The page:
Hi Ted!
Thanks a lot from your answer. At first I used the original counts I was
expecting that the resulting clusters would have some logic. I realized
that since most of the distance measures I was experimenting do something
like this: for 2 vectors v and e => some_calculationOn(v_i,e_i) .
After looking at my results I went back to think about the problem and I
realized that if I want to look at category weight then I would need to
express the weight of each category in each row.
I'll look into KullbackLeibler and thanks a lot for noticing the \delta I
do need it in fact!
Cheers,
Fernando
On Tue, Nov 22, 2011 at 9:11 PM, Ted Dunning <ted.dunning@gmail.com> wrote:
> I would recommend that you work with the original counts instead of
> percentages. That allows you to use statistical similarity measures based
> on the multinomial distribution. The important thing that the counts
> provide over percentages is an understanding of how certain the
> distribution really is.
>
> If you move forward with using the percentages, I would consider using
> something like KuhlbackLeibler divergence as a measure of dissimilarity.
> You would need to smooth the probabilities when you derive them from the
> counts. The simplest method for this is to introduce a simple prior into
> your estimates. Then, if the count for each category i is k_i, you would
> estimate the percentage p_i as
>
> p_i = (k_i + \delta) / \sum_j (k_j + \delta)
>
> This prevents you from ever estimating either 0 or 1 for these percentages
> and thus helps avoid log 0. It also will tend to give you better results
> in a variety of ways.
>
> On Tue, Nov 22, 2011 at 1:46 PM, Fernando O. <fotero@gmail.com> wrote:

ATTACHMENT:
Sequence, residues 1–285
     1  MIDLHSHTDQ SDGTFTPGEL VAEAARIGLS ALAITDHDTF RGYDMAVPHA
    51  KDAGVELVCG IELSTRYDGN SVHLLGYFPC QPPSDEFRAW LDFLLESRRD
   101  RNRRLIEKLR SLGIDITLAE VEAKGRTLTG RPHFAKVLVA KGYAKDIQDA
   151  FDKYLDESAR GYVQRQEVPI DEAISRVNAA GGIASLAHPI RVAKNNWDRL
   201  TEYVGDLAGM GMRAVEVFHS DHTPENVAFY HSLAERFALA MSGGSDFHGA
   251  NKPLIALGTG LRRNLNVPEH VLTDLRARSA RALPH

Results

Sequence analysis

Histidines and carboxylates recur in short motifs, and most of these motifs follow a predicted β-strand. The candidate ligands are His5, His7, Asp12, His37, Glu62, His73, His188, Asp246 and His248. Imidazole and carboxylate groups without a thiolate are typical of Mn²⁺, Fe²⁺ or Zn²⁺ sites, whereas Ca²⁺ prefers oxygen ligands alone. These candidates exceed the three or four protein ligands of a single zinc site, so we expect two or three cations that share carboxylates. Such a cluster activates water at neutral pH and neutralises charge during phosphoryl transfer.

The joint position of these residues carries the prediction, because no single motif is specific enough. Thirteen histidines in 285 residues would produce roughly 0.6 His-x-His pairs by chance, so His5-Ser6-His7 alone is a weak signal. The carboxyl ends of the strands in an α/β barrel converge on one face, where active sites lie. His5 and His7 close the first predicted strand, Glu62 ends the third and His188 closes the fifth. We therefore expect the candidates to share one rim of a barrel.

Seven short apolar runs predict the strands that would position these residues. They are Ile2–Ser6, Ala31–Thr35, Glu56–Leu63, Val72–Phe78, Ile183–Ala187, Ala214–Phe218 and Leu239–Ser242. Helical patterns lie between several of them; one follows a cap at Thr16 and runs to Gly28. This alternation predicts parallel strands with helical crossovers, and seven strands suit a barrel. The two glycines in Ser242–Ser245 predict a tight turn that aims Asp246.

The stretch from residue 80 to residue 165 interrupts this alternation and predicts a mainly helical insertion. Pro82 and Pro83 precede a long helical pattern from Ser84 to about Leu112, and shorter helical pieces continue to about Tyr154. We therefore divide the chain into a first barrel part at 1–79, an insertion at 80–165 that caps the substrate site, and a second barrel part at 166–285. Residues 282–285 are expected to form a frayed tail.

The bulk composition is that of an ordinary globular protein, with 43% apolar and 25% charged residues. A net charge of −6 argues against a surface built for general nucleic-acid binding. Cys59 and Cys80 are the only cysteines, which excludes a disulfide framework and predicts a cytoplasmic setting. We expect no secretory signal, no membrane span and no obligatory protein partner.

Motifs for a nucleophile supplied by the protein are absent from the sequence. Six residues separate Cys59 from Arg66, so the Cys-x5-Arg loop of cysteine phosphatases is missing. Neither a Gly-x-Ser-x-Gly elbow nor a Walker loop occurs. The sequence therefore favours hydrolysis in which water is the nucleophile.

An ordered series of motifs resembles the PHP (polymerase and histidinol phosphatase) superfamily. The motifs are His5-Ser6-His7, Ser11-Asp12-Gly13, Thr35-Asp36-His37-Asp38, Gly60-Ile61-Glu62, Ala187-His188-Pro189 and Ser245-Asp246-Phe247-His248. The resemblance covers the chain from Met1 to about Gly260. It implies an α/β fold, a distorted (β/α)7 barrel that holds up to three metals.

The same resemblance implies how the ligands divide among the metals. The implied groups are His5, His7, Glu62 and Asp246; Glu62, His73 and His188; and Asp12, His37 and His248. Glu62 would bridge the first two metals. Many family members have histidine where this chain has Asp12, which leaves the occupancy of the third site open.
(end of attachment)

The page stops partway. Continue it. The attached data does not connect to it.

>
> > It's 148 not b/c I'm doing initial tests :D
> >
> > Yes, values add up to 1.
> >
> > For this example percentages are precalculated basically I get a total
> > number for each category and then convert it to percentages.
> >
> >
> > On Tue, Nov 22, 2011 at 6:10 PM, Ted Dunning <ted.dunning@gmail.com>
> > wrote:
> >
> > > Do the category values add up to 1 for every row?
> > >
> > > Where do these percentages come from?
> > >
> > > At 148 rows, I would use R instead of Mahout.
> > >
> > > On Tue, Nov 22, 2011 at 2:42 AM, Fernando O. <fotero@gmail.com> wrote:
> > >
> > > > So I have a table somthing like this
> > > > C1 C2 C3
> > > > R1 80% 20% 0%
> > > > R2 75% 25% 0%
> > > > R3 50% 20% 30%
> > > >
> > > > From what I read Kmeans works pretty well for most cases, so I
> choosed
> > to
> > > > use that clustering technique.
> > > > Then I used the Tanimoto Distance because I wanted to measure the
> > > > correlation between categories.
> > > >
> > > > Right now I have a small set: 148 Regions and 13 Categories. From
> those
> > > 148
> > > > Regions only one has more than 1% in Cn, and it has in fact 36%.
> > > >
> > >
> >
>